After death, there are usually two ways of disposing of the dead. They are: burial and cremation. Burial involves placing the body either in a long-lasting or a biodegradable casket and burying it in burial ground or cemetery.
Cremation, on the other hand, is an irreversible process because it involves subjecting the body to high temperatures to reduce it into its basic elements.
However, contrary to the popular misconception, cremation does not result in ashes as shards and pieces of bones still remain. Thus, these bone fragments are further pulverized to get a powdery consistency.
The complete process is carried out in a crematorium and takes about two to three hours time, depending on the weight of the individual being cremated.
In case you are wondering what exactly is a crematorium then read this article from www.cremationresource.org. You shall also find detailed information about the process of cremation on the same site.
Coming to the religious and cultural aspect, cremation is allowed is most religious systems. In fact, it was the most popular way of disposing of the dead during ancient times.
Archeologists believe that it was invented during the Stone Age. This process, nevertheless, is discouraged by the Eastern Orthodox Church, Judaism, and Islam.
Nonetheless, if you are planning to get a departed loved one cremated, you can get a simple or elaborate cremation urn from a store selling memorial products.
Spiritual Significance of Cremation
The term cremation is derived from the Latin word ‘cremare’ or ‘crematus’ which means ‘to burn up’.
Some believe that cremation helps the mourners in healing and recovering from the loss because unlike slow decomposition after burial, it reduces the body to its component elements quickly, thereby encouraging acceptance of death.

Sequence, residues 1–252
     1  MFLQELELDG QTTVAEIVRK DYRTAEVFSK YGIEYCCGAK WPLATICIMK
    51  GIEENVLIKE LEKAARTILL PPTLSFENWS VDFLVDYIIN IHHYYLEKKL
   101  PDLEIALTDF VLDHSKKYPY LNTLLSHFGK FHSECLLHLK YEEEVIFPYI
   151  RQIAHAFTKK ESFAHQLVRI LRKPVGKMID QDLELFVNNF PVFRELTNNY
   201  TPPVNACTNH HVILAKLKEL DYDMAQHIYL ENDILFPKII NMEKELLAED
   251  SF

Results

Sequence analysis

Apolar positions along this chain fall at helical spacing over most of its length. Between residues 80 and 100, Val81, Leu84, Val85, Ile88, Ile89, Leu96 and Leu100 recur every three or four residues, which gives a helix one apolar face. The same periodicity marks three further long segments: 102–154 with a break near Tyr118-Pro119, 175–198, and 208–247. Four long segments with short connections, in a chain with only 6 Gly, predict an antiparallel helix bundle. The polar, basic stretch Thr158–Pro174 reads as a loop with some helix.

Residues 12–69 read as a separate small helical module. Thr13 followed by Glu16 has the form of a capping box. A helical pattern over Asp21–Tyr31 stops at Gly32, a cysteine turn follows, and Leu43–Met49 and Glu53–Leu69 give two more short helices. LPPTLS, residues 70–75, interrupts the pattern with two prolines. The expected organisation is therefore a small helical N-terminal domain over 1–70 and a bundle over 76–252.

In addition, some religions believe that incinerating the body helps usher the departed soul to its next life. Moreover, it promotes the soul’s detachment from its physical body.
Cremation, however, may not be required for highly enlightened individuals who are not attached to the body. To explore the spiritual perspective on cremation and burial, visit this site.
After cremation, the cremated remains can be disposed of in a number of ways like scattering them in air, on land, burying them in a family plot, dispersing the remains in sea, etc.
Besides, some people prefer to store the ashes in a cremation urn and display the urn on a mantle at home. This, however, is often discouraged from the spiritual point of view.
Spiritually speaking, dispersing or floating the cremated remains in a moving body of water such as a lake or sea is considered the best way to dispose of the ashes. After all, water is regarded as a cleansing substance.
In fact, it represents the Holy Spirit, too. You may get more insight on the mysteries of water at www.2012spiritual.info. Furthermore, water burial serves as the fastest route to dispersal.
Besides, at Daily Independent, you can find an interesting article on cremation and spirituality. To understand more about the history of cremation and Biblical views on cremation and burial, you can read this article from Religious Tolerance.org.
Thus, cremation is discouraged in Christianity because it is associated with punishment while burial is associated with honor.